“I was a great reader of science fiction as a young person, but I began to wonder why the protagonist in a sci-fi or fantasy story was always a man, even when the writer was female. Where were the stories that presented a woman as the problem solver?
I was encouraged to write a story that was unique and built on my own struggles. I thought a sci-fi story with a girl as the protagonist might be fun. A real heroine cannot call on armies to follow her, or pay assassins for special work. She may have children already, so adventure is out of the question, and family must be secure before she can enter the public square where she has no voice.
So how does a story shape if the young hero must solve problems that girls experience in ways that females address problems? I could find no books that started with this premise, so I had to write some. And that was my first reason to write.”
- See SufferStone and HeartStone — the first books in the Dolvia Saga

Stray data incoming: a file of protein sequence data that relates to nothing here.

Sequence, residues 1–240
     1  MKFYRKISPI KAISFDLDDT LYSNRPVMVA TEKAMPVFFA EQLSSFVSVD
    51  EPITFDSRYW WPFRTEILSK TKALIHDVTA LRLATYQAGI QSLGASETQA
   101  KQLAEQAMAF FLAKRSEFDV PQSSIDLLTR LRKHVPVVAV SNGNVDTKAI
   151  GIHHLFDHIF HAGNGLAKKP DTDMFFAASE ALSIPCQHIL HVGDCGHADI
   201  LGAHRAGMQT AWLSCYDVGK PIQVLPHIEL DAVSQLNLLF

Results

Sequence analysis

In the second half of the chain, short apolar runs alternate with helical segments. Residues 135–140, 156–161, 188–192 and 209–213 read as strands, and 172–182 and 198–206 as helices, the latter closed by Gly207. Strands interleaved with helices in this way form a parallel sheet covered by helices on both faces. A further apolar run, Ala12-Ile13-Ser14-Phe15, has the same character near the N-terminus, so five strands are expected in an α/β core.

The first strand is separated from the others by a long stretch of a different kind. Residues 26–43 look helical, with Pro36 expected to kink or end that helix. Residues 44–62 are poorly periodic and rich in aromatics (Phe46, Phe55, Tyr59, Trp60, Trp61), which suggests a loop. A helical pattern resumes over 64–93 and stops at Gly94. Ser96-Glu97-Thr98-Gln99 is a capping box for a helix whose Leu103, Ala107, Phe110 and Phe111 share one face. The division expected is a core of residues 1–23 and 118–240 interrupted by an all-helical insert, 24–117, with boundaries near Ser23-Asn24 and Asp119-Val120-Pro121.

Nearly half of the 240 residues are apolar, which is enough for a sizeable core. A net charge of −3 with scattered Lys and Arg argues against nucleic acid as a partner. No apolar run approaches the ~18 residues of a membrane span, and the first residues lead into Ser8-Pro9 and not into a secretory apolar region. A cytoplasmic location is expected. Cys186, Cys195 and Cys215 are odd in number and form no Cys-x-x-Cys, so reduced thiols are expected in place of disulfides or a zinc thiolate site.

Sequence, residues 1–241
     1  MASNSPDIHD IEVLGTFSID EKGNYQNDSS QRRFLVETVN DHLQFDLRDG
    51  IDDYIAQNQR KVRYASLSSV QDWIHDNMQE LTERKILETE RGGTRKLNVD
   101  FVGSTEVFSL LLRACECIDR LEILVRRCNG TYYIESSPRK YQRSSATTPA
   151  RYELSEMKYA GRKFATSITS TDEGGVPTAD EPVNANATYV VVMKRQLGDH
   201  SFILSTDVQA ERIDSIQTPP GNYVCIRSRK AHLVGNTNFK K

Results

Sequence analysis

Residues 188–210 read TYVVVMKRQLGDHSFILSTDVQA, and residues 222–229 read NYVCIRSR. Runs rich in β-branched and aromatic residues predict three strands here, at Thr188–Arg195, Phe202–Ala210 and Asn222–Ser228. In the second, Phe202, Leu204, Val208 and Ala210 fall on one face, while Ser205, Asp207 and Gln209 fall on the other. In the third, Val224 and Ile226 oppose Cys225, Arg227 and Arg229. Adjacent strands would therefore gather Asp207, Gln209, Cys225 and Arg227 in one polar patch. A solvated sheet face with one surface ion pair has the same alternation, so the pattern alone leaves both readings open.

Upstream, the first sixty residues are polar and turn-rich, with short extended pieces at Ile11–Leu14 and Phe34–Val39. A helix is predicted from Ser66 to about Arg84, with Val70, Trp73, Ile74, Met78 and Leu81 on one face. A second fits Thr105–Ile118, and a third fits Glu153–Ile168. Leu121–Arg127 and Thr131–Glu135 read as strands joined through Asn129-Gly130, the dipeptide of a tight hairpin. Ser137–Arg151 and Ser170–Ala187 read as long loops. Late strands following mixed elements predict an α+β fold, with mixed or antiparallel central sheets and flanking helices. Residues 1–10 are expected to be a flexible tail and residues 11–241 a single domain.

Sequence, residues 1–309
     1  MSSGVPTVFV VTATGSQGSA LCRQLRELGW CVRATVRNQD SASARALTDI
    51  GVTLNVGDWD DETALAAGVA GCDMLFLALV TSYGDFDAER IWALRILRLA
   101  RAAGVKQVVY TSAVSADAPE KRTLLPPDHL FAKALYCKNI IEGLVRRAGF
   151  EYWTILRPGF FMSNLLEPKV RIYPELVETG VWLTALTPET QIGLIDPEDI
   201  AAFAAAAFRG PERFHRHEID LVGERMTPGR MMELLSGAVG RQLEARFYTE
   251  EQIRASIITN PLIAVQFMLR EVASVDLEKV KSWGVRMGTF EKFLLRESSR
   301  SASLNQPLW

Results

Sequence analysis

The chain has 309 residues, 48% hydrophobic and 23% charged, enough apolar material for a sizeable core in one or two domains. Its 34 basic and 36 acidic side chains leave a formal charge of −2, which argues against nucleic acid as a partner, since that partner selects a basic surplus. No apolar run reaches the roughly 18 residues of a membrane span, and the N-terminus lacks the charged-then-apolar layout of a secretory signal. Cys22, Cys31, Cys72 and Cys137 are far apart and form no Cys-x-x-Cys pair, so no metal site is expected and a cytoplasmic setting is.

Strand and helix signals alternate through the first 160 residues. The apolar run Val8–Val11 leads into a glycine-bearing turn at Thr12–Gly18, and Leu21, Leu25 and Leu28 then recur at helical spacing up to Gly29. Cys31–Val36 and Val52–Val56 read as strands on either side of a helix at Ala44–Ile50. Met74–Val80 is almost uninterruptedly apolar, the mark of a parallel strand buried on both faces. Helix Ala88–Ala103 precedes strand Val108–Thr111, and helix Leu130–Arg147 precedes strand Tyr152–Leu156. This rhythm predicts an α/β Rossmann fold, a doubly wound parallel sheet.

- Nuggets from an interview with Stella Atrium in December 2011, anticipating the launch of SufferStone:
“The dichotomy is delicious. Inside the fantasy genre, I try to present women who need to solve real problems like having no voice in community, or no right to work; no access to capital to start a business. No reinforcement for talent.
My intent was to pry open the archetypes of alien women in sci-fi who are, shall we say, sexually available to the story’s hero. You know the types — warrior, witch, street urchin, unavailable princess who sneaks around, armless mermaid. Let’s present a few female characters who drive the story and solve problems using the tools at hand.”
- Also see Girl Heroes for a polemic about point of view in fantasy novels.
- Also explore her travels, especially a trip to Greece
- Also see results in her city garden